Why Buyers Ought to Ignore The Previous Wall Road Adage “Promote In Might”

The Charging Bull or Wall Street Bull is pictured in the Manhattan neighborhood of New York on January 16, 2019.

Carlo Allegri | Reuters

The “sell and go away in May” strategy isn’t particularly popular on Wall Street this year.

Market professionals acknowledge that history clearly shows that the strongest six month period in the market is November through April, but they also say that it is not necessarily a factor that should shape investor plans each year.

“Any investment strategy you can put in some rhyme is likely to be a bad strategy,” said Jonathan Golub, chief strategist, US equities at Credit Suisse. Golub raised its S&P 500 target on Friday from 4,300 to 4,600 by the end of the year based on strong returns.

He said that market performance, on average, follows the pattern of weakness between May and October, but it is not a reason to get out of stocks.

“That would be perfectly reasonable if every single May looked exactly like May of the previous year,” said Golub. The comparison of this year with last year alone shows a great contrast.

“Last May last year, the market jumped off the ground.” He said the backdrop has now changed from a country and economy ravaged by the pandemic last year to a period when a booming economy and profits should continue to generate profits.

“Look at what we have this earnings season. US companies beat estimates by 22%. 22% is unknown. The economic data is phenomenal,” said Golub.

The second quarter is expected to be even stronger and these earnings reports will be released in July.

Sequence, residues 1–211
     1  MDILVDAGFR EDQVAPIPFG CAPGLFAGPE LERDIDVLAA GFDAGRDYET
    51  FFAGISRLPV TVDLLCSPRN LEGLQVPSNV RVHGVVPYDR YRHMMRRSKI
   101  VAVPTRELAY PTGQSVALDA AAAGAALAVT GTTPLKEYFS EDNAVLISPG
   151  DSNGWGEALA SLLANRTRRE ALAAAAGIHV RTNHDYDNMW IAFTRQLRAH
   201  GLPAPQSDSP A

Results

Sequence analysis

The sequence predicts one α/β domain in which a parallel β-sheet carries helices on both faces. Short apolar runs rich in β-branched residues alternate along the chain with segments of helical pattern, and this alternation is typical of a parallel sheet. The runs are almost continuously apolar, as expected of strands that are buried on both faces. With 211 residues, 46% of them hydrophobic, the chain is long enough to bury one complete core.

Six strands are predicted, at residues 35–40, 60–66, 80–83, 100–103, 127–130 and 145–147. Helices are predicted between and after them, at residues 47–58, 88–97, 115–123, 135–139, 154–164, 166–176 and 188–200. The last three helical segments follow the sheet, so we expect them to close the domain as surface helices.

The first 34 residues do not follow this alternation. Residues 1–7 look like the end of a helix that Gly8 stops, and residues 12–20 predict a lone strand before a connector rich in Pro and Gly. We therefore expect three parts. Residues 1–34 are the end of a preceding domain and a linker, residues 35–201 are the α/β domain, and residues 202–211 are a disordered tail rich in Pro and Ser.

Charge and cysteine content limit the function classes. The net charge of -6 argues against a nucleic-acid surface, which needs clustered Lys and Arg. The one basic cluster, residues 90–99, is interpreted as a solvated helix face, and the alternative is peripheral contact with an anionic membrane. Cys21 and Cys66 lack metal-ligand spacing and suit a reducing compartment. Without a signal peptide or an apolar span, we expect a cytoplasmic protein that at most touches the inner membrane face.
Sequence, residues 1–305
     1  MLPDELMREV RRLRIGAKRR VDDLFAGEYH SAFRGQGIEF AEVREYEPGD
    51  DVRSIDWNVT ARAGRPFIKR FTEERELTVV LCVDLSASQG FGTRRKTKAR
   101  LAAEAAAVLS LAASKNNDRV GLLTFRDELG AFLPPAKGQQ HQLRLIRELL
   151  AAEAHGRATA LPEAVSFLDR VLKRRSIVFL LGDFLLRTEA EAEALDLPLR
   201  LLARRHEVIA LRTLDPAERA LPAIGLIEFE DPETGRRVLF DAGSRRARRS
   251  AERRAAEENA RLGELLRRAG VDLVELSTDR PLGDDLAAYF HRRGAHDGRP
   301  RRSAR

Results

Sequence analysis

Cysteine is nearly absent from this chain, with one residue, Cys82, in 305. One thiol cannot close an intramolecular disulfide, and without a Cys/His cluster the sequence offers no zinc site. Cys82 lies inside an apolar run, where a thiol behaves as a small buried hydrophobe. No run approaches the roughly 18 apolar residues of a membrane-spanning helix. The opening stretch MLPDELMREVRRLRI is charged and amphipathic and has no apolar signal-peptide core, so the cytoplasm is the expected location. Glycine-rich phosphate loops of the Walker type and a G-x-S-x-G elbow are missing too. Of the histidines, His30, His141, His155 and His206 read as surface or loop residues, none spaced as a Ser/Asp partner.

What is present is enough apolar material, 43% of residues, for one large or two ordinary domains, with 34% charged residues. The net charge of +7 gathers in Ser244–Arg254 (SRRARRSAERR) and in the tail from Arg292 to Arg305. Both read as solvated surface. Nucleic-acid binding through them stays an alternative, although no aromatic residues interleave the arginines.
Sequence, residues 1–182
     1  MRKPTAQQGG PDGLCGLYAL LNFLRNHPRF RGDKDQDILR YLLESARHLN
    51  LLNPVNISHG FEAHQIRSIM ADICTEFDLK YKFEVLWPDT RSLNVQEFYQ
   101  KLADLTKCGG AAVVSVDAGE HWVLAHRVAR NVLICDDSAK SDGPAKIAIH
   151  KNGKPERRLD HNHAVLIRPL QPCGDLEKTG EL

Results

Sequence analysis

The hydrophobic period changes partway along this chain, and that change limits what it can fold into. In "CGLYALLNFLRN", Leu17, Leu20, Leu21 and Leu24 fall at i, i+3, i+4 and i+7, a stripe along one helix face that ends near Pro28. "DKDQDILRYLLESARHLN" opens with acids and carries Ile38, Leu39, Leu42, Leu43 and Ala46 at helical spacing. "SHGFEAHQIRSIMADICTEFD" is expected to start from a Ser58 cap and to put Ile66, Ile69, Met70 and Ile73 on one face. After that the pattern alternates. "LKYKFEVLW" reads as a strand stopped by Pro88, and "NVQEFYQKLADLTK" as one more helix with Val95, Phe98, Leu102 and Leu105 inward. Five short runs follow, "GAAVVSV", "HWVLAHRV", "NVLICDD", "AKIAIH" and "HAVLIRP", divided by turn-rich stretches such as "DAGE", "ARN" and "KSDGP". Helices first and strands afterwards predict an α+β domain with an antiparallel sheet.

“I’m not selling in May and wouldn’t advise anyone else,” said Golub. “I think the biggest mistake you can make in a market like this is getting too cute and getting out early. You’d better try to stay a little longer than get out early.”

Market leader?

A view of the New York Stock Exchange building on Wall Street in downtown Manhattan in New York City.

Roy Rochlin | Getty Images Entertainment | Getty Images

Carter Worth, chief market technician at Cornerstone Macro, agrees that investors generally would not be well served to get out of the market in May and stay out until October.

However, this year he expects the market to enter a weak phase. Seasonal factors aside, Worth expects the market to be at the top.

“It’s a time to reduce exposure. Midsoles can last three to five months,” he said.

Studying the seasonal trend, Worth found that November 1 through April 30, the Dow’s performance was 27.8%, making it the fourth strongest for that six month period through 1896.

“After a particularly good six-month run from November to April, the next six months are poor,” said Worth. He added that after stocks rallied sharply, it could do so for any six month period.

The average return for the Dow for the top 10 years November to April was 27.5%, compared to an average of 2.9% in the following periods from May to October. The average total profit for the full year for the top 10 years from November to April was 23.7%.

For all years through 1896, the average return on the Dow was 5.2% from November to April and 2.1% from May to October. The average performance over all years was 7.3%.

Although Worth expects the market to have spiked in the short term, he said the seasonal investment strategy is the wrong approach.